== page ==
During my graduate training, I attended a meeting with a bioinformatician who exclaimed, “Ah! You’re the PhD student who’s also in the genetic counseling program.” I affirmed that I was indeed the dual degree student. She shared, “I’m glad to work with you. You’re a unicorn.”
It was the perfect word to describe me - a unicorn. Unlike my fellow classmates, when I stepped into that first medical genetics class, I was already a year into graduate school. I’d taken courses in research techniques and settled into a C. elegans research laboratory. Even from the first day of school, as I rushed to care for my worm stocks between classes, my perspectives and goals looked different from my peers.
The further I journeyed down my training path, the more I realized that my experience was not unique. With one foot in the clinic and the other in the lab, I often felt like I didn't fit the mold of a “good” genetic counseling student. Genetic counseling students were supposed to be pursuing clinical careers. But what about students who envision and apply their knowledge and skills differently?
Recent events have increased all of our attention to issues of access in the admissions process, and rightly so. Yet after admission, throughout coursework and fieldwork, and as students approach graduation and search for jobs, the next steps may look intimidating for those interested in alternative opportunities. While the roles new grads are landing rapidly expand, the training and certification requirements remain stuck in a one-size-fits-all approach. Rather than embrace the application of our GC skills into novel realms, a prevalent “this is the way it’s always been done” mindset and its accompanying expectations may discourage students from embarking down those new roads.
A strength in the evolution of our profession is the universal application of our intertwining medical, research, and counseling skills. As such, the coursework, rotations, research, and opportunities facilitated by training programs ought to reflect this heterogeneity. They should seek to prepare students for a wide range of career trajectories and even encourage them to explore uncharted settings. Adhering to traditional expectations of the training course and career progression instead perpetuates a culture of limiting these goals. In my professional life now, I could not be more grateful for those late nights spent designing experiments and observing worm phenotypes. My wet bench work prepared me to understand the research process and its application in genetic counseling, equipping me to bring unique technical and analytical skills to the table.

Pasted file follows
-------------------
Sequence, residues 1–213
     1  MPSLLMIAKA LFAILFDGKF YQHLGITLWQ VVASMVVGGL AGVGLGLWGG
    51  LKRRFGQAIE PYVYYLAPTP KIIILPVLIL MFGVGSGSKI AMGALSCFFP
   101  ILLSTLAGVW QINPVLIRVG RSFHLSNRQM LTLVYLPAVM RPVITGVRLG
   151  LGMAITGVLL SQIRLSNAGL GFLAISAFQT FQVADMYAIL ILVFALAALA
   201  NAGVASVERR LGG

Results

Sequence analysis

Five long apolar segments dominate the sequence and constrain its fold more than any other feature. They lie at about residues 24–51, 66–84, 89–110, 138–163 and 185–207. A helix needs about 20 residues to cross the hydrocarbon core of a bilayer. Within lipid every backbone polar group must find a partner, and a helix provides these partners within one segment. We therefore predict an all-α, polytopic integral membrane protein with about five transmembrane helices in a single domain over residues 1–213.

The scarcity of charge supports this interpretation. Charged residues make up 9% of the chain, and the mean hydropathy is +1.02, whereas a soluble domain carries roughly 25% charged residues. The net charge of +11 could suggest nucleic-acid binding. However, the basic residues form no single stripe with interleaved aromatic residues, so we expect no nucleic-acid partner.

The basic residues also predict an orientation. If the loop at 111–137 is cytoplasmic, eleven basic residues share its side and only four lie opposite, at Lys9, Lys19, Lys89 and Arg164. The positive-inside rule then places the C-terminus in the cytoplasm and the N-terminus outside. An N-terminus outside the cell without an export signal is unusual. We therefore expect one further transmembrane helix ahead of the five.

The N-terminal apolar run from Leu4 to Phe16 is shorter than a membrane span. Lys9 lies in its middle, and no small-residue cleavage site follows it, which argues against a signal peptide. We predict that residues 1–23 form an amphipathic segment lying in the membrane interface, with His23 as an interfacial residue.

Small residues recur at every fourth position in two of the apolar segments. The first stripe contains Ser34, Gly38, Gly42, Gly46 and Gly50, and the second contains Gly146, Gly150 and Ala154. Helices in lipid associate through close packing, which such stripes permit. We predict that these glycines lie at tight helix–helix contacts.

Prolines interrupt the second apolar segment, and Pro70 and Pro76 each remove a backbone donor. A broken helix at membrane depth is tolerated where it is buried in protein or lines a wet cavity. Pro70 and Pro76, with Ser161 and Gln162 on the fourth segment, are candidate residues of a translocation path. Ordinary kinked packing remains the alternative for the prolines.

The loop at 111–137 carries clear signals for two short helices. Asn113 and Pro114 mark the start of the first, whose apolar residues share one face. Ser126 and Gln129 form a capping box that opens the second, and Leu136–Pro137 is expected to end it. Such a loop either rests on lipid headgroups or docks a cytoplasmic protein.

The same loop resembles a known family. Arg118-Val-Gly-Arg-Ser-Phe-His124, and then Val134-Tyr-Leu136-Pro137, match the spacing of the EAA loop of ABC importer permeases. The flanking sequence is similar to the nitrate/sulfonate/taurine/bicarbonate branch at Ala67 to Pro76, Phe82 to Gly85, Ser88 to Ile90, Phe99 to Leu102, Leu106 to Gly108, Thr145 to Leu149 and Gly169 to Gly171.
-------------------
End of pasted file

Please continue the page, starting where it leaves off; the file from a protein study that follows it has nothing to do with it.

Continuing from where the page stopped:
Many days throughout my training, I felt like there really was a sparkly horn on my head. But I’m so grateful for the ways my program and my classmates adapted to my unexpected path. Their willingness illustrates the innovative mindset within our professional community. Looking to the future, I urge graduate programs to embrace diversity not only at the beginning of training (admissions) but also at its conclusion (graduation and beyond), as their students push the boundaries of the field and explore new frontiers.